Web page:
Back in July we posted a Trip Report covering the experience of attending a Basic Birding Workshop, organized by Pronatura Peninsula de Yucatan. Our instructor, Biologist Ana Raymundo, has since put together a “Level 2” workshop, and we were happy to attend this past weekend. Read on to find out how it went.
DAY 1. First of all, an honest disclosure: we didn’t quite make it by 9:00 a.m. this time around. Having worked past 2:00 the previous night, we had no choice but to sleep a little more before heading out to Merida, Yucatan, for safety’s sake. It was 11:00 am by the time we reached the workshop’s new location at “La Casa de Retiros Padre Luis R. Páez Garza”, a beautiful place with an impressive 6 hectares garden. Class was in progress when we arrived and, as we later learned, we had just missed a practical demonstration by our instructor, biologist Ana Raymundo, on the use of “mist nets”. These are nets made with very fine nylon thread that, when deployed correctly, are practically invisible to birds. They are used by ornithologists to capture birds for hands-on examination, banding and other scientific data acquisition, after which birds are released. The use of these nets is considered safe for birds, with very low possibilities of injury for captured specimens. Mist nets are not meant to be used by birding aficionados, much less by illegal trappers, and both in the U.S. and Mexico official permits are required for their deployment in the field (in Mexico the proper authority for this is SEMARNAT). No live specimens where captured during Ana’s demonstration, but rather a dead specimen that had been found earlier on the grounds was used. You can read more about mist nets in Wikipedia.
Class resumed indoors with expanded information about subjects that had been covered in the Basic Birding Workshop, as well as new topics. Ana explained the architecture of wings, naming the different kinds of feathers that make up a bird’s wing and explaining their function. Bird coloration was also discussed, referring us for further reading to the interesting book “Bird Coloration” by Geoffrey E. Hill (full review coming up soon in RIDE INTO BIRDLAND). An Oriole nest was examined in class, so we could all see up-close what a magnificent work of engineering a nest is, and marvel at how Orioles use both natural and man-made materials to build theirs. Major bird groups were also covered, expanding on the information provided in the Level 1 workshop with more tips for species identification and special emphasis on shore-dwelling birds, in preparation for the field trip planned for the next day. A practical exercise in identification was performed using photographs, and Ana demonstrated how to mark our field guides with little colored stick-on labels (easily removable later), in order to aid their quick use when consulting them in the field. Other topics covered included bird migration, as we are in the midst of the migration season and many non-resident species can now be seen in the Yucatan Peninsula. Bird songs and their practical use for species identification was also discussed, and Ana played several audio files for us with pictures of the corresponding species.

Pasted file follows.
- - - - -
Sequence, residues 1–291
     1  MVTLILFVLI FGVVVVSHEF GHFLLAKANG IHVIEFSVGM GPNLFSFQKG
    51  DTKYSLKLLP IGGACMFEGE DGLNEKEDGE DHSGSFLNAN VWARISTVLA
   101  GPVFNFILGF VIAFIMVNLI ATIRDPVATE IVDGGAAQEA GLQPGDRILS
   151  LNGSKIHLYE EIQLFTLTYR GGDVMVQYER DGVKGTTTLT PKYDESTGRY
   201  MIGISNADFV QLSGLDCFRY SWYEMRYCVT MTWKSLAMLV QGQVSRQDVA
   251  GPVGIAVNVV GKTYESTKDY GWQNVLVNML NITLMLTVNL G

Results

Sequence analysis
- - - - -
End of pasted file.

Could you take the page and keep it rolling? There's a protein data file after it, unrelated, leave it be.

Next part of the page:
Several interesting references were also brought to our attention. I think they are worth sharing with our readers:
– The PBS film “Magic in the air”, about those amazing creatures we call “hummingbirds”, their unique flying abilities and the supercharged metabolism that allows them, at great cost, to perform their stunning aerial acrobatics.
– The 2010 animated film “Legend of the Guardians: The Owls of Ga’Hoole”. This film, as is usually the case movies with animated animals, is not by any means scientific and makes full use of “anthropomorphic” character development and animation techniques, but Ana praised its impressive depictions of owls and great entertainment value for children and adults alike. Most importantly, she recommended the documentary “True Guardians of the Earth“, which comes included as an extra feature in the DVD edition of the film. Directed by Eric Matthies, it explains why owls are useful to the earth’s ecosystem.
– The website of “Ducks Unlimited Mexico”, an organization that “develops direct actions that benefit migratory and resident waterfowl habitats”. It is directly associated with the U.S. organization “Ducks Unlimited”. Caveat emptor, sensible birders: this is a site and magazine for waterfowl hunters. It contains lots of interesting information and the organization has been widely recognized for advancing effective conservation programs for waterfowl. Founded in 1937 by North-American waterfowl hunters concerned with the destruction of wetlands and the resulting dwindling of bird populations, Ducks Unlimited defines its mission thus: “conserves, restores, and manages wetlands and associated habitats for North America’s waterfowl”. The affair between hunting and nature appreciation is a long-winded one, and responsible hunting is not necessarily at odds with conservation. The original “birders”, men like Audubon, were of course first and foremost hunters. RIDE INTO BIRDLAND is not endorsing nor panning “responsible hunting”, readers should be informed and make up their own minds about this sensitive topic.